Law Firm Cash Floods State Judicial Elections


By Cara Bayles
November 4, 2019

Every year, Douglas Keith performs the unglamorous job of sifting through television ad buys to track the influence of money on state supreme court elections.

As counsel for the Brennan Center for Justice’s Democracy Program, Keith advocates for an impartial judiciary by researching how top state court races draw in cash. The Brennan Center reports that at least 20 of the 38 states that elect justices have seen a campaign worth $1 million.

But recently, he noticed something new: Supreme courts weren’t alone. Lower court candidates in Arkansas and West Virginia also drew big bucks for TV ads in 2018. Could spending on judicial elections be trickling down the ballot?

“It’s not something I’d seen a lot of previously, but it very well may happen,” he said.

A Law360 analysis of direct contributions to intermediate appellate court candidates suggests that’s already the case. In the last 10 years, spending on those races has soared, from $19.5 million in the 2007-2008 election cycle to $33.5 million in the last cycle, which was the highest on record. There have already been four $1 million intermediate appellate campaigns — three in Pennsylvania and one in Illinois. Two of them occurred during the last election cycle.

Campaign cash will keep flowing next year, when 281 races in 36 states will coincide with a presidential contest that could boost voter turnout, partisanship and spending down the ballot. History suggests the biggest chunk of cash — 30% of all donations — will come from lawyers.

In states like Pennsylvania, Texas and Louisiana, where campaign contributions are part of law firm culture thanks to partisan judicial elections and a robust legal industry, attorneys will no doubt feel the pressure to participate in a donation arms race.

That pressure can come not just from judges, but clients, too, says Alfred Putnam Jr., the former chairman of Drinker Biddle & Reath LLP, who practices trial and appellate law out of the firm’s Philadelphia office. In Pennsylvania, appellate judicial races raked in $13 million from attorneys over the last decade.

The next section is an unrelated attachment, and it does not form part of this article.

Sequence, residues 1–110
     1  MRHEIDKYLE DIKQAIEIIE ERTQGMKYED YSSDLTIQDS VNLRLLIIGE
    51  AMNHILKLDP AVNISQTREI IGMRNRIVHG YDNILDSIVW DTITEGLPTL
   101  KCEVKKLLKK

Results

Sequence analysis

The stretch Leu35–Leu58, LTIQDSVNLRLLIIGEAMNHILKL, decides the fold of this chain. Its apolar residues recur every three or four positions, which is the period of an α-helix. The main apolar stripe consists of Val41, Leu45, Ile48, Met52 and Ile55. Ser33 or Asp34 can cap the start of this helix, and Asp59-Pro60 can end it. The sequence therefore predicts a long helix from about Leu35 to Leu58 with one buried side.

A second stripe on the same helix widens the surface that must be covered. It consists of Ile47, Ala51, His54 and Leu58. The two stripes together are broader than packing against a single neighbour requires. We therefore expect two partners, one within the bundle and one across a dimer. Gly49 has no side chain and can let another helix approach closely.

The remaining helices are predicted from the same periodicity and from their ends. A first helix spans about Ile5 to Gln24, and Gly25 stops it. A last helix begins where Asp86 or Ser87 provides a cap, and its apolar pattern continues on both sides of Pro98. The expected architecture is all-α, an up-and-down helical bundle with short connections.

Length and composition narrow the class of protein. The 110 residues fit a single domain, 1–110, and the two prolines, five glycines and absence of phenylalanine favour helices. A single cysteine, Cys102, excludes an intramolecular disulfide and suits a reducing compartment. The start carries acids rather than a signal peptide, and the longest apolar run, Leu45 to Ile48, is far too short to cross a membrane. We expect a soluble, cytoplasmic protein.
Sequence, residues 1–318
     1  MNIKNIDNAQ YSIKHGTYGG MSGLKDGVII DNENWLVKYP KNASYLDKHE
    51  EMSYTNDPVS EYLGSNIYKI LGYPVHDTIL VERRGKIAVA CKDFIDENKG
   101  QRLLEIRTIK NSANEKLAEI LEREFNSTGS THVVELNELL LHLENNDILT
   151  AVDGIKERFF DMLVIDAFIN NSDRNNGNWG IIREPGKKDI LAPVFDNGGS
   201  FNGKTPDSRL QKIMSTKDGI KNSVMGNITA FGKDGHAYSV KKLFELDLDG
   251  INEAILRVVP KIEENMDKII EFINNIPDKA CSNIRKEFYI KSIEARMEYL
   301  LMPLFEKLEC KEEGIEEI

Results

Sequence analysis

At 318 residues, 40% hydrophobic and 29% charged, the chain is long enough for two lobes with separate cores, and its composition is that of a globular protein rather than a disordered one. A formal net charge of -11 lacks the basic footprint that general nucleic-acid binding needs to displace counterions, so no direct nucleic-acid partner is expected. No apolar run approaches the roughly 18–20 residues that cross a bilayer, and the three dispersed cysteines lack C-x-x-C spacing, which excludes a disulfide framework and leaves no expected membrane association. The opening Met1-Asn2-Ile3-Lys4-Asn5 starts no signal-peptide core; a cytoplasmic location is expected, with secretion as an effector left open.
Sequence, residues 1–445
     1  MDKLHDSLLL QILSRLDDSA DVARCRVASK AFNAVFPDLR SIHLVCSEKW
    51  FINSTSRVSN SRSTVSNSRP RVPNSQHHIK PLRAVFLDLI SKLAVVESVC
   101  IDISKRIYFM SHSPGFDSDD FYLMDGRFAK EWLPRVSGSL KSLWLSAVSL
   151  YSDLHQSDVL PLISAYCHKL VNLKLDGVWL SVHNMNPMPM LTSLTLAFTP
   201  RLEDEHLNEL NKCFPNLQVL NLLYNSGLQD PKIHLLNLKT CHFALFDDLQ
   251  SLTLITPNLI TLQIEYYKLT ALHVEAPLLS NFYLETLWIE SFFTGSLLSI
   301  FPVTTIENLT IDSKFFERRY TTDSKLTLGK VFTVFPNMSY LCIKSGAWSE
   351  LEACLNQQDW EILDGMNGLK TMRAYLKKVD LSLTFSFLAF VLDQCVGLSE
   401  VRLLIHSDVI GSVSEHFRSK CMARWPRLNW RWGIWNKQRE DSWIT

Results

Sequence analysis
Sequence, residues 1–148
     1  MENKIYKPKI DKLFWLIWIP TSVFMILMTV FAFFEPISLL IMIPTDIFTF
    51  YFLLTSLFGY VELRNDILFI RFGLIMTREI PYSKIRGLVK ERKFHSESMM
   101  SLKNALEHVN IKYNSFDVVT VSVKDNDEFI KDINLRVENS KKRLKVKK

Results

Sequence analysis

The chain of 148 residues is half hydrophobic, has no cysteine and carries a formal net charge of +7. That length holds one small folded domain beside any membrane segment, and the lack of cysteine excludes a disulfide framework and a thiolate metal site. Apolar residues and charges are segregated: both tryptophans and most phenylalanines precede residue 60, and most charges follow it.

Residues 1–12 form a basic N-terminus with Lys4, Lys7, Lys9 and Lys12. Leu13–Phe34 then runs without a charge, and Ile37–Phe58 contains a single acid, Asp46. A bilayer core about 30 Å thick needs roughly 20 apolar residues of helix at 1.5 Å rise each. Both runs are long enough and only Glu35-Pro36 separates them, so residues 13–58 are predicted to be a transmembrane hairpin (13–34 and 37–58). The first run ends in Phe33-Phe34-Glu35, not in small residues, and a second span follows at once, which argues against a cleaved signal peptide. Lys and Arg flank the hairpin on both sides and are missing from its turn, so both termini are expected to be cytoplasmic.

Putnam doubts campaign donations ultimately sway judges’ decisions in litigation, but it can still be difficult to tell a client that opposing counsel is a judge’s benefactor.

“Your client might say, ‘Well, do you contribute to Judge So-and-So?’” he said. “Now I can tell you I don't think it makes any difference. Judges care more about their reputations in the long run, and the reason people give big amounts of money is they actually care about policy. They’re not trying to buy the guy; they want to elect the guy who feels the same way they do about strict liability. But how does your client feel?”

As more state supreme courts move to discretionary dockets, lower appellate panels are increasingly becoming the last resort for litigation in the U.S. That means that as money flows into lower court elections, the candidates aren't the only ones with something to lose.

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‘If the Stakes Warrant It’

Once elected, judges might ignore such contributions. They may turn a blind eye to what their campaign staff raises, and even if they know who their donors are, it might not enter into a decision. But an attorney-donor in the courtroom can still undermine confidence in the judiciary because there’s a "perception of impropriety," says Maida Milone, president of Pennsylvanians for Modern Courts, a nonpartisan judicial watchdog.

And that perception can form the basis of a recusal motion, regardless of whether the donations actually factor into a judge’s decisions.

Plaintiffs attorney Constantine Economides, who practices civil litigation in Pennsylvania and New Jersey, said he checks a judge’s campaign contributions “if the stakes warrant it,” something he says “more and more attorneys are doing.”

Economides handled a case in Pennsylvania Superior Court in 2015 that he thinks could have required recusal. Judge Anne Lazarus, one of three judges hearing his client’s appeal in an $18 million inheritance dispute, was running for state Supreme Court at the time. She received a $5,000 campaign contribution from opposing counsel at Mannion Prior LLP while the appeal was pending. Another colleague at the firm also donated $5,000, a third spent $500, and the firm itself spent nearly $9,000 on a campaign event.

Economides, whose client lost the appeal a month after the donations were made, told Law360 he would have asked Judge Lazarus to step away from the case had he known about the donations at the time. But such requests require careful consideration.

“If she says, ‘No, I’m not going to recuse myself,’ I would have to take it up with the state,” he told Law360. “And if I’m proven wrong at that level, then I’ve really burned a bridge, to the detriment of my client.”